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Lecture 18 - Hubble's Law and the Big Bang (cont.)

Lecture 18 - Hubble's Law and the Big Bang (cont.)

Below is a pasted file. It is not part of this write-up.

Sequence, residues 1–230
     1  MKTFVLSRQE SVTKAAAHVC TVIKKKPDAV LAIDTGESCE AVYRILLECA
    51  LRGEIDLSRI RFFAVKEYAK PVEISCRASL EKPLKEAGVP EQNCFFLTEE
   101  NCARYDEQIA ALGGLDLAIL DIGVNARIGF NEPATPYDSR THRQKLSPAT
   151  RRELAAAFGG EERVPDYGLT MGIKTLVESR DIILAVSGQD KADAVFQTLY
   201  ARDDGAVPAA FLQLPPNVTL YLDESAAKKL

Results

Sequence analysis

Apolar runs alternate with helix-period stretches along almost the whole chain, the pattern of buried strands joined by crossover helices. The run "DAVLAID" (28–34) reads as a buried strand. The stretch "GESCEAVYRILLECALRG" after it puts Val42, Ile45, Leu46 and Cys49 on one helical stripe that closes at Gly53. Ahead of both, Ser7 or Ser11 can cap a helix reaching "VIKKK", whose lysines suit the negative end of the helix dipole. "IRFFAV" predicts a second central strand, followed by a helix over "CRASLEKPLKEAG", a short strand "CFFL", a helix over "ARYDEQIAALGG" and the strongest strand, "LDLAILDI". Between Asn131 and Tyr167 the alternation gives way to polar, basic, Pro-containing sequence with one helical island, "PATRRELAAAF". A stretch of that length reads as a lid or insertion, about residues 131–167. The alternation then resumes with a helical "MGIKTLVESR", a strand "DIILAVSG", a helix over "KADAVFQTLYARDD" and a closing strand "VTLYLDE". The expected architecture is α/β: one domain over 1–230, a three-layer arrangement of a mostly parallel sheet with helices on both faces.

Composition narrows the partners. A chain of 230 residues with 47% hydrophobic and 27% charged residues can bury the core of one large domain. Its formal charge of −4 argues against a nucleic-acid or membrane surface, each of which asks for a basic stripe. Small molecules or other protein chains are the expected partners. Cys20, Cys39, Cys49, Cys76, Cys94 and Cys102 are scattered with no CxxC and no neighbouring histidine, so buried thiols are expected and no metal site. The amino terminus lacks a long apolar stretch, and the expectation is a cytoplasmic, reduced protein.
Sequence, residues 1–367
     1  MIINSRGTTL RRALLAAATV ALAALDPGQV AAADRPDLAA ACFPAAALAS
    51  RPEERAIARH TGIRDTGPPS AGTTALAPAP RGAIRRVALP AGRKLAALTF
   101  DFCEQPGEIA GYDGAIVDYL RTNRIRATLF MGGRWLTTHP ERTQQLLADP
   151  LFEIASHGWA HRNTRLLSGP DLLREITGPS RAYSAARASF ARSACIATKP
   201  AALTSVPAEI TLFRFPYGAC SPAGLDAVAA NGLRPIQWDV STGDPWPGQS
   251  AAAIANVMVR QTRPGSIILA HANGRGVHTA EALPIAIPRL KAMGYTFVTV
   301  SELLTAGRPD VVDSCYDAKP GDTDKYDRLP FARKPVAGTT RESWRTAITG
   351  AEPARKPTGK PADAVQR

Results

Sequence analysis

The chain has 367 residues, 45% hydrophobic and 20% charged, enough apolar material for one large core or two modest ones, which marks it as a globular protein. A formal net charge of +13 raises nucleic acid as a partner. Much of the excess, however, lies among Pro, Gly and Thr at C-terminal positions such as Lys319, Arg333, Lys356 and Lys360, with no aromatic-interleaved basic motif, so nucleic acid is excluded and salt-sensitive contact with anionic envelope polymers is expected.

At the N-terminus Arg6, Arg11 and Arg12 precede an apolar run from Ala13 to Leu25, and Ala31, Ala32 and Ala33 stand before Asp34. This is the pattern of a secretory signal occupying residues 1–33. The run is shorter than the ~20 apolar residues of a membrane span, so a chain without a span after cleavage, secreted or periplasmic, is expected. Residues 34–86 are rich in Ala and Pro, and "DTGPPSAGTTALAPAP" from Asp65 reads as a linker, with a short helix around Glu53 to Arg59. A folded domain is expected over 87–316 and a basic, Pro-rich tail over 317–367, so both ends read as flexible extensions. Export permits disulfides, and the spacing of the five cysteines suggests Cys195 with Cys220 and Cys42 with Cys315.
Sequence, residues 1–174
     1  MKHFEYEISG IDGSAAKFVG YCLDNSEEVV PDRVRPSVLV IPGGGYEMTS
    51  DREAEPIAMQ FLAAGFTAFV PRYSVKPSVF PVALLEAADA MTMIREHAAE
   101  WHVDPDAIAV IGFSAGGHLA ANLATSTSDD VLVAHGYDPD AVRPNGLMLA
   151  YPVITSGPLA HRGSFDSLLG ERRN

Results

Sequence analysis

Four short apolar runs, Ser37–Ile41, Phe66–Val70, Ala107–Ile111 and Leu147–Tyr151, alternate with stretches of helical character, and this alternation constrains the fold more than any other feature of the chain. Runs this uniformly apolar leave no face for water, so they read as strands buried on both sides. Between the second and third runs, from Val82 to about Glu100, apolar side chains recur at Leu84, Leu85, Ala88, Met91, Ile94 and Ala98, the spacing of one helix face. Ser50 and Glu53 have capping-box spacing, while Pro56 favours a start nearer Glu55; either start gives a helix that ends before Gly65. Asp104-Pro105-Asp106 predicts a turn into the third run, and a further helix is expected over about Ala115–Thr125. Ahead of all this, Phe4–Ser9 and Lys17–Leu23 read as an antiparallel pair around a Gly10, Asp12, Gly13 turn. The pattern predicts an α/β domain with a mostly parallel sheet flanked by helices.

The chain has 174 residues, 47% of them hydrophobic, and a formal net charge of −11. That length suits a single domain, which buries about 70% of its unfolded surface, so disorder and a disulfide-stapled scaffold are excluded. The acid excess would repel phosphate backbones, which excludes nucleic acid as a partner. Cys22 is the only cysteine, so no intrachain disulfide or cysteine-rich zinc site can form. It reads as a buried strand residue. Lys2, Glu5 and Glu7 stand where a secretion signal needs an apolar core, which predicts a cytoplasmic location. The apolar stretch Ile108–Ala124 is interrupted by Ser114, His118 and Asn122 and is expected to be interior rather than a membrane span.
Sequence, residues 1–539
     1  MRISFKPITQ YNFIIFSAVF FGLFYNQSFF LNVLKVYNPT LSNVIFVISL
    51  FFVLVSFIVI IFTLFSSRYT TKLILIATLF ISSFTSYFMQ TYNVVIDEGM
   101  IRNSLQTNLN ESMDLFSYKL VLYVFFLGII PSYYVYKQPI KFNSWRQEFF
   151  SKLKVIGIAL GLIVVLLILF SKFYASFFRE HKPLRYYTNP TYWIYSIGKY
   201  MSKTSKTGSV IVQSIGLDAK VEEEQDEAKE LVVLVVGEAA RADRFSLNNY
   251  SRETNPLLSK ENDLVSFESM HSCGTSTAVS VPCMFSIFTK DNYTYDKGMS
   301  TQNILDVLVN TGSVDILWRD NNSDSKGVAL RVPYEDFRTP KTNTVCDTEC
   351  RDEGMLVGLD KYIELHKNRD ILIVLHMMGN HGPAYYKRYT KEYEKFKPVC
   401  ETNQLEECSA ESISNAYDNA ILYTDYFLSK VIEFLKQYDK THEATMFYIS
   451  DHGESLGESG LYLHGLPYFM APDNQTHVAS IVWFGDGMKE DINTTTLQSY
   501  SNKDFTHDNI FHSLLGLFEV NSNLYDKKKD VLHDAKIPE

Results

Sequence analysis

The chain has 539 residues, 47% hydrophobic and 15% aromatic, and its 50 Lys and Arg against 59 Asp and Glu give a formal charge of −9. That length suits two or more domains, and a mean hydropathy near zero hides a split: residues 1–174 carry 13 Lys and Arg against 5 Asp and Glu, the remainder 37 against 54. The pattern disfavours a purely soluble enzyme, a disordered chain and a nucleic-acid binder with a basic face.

This video was recorded at ASTR 160 - Frontiers and Controversies in Astrophysics. Professor Bailyn returns to the subject of the expansion of the universe to offer explanations that do not require belief in the Big Bang theory. One alternative is a theory that, in the past, the entire universe was reduced to an "initial singularity," in which everything was much closer, and therefore denser and hotter. Since the universe is in constant flux, however, it follows that in the future things will drift apart. The Steady State explanation for the expansion of the universe is then explained. Coined as a derogatory term meant to ridicule supporters of the Big Bang theory, Steady State purports that new energy and matter are constantly created as the universe expands, to fill in the void that results from the expansion. The discovery of quasars refuted the Steady State theory. The lecture ends with a discussion of how observing very distant objects allows us to look back in time, and also gives us a glimpse into the future of galaxies and the universe. Reading assignment: Problem Set 6 [PDF] Problem Set 6 Solutions [PDF] Resources Class Notes - Lecture 18 [PDF]


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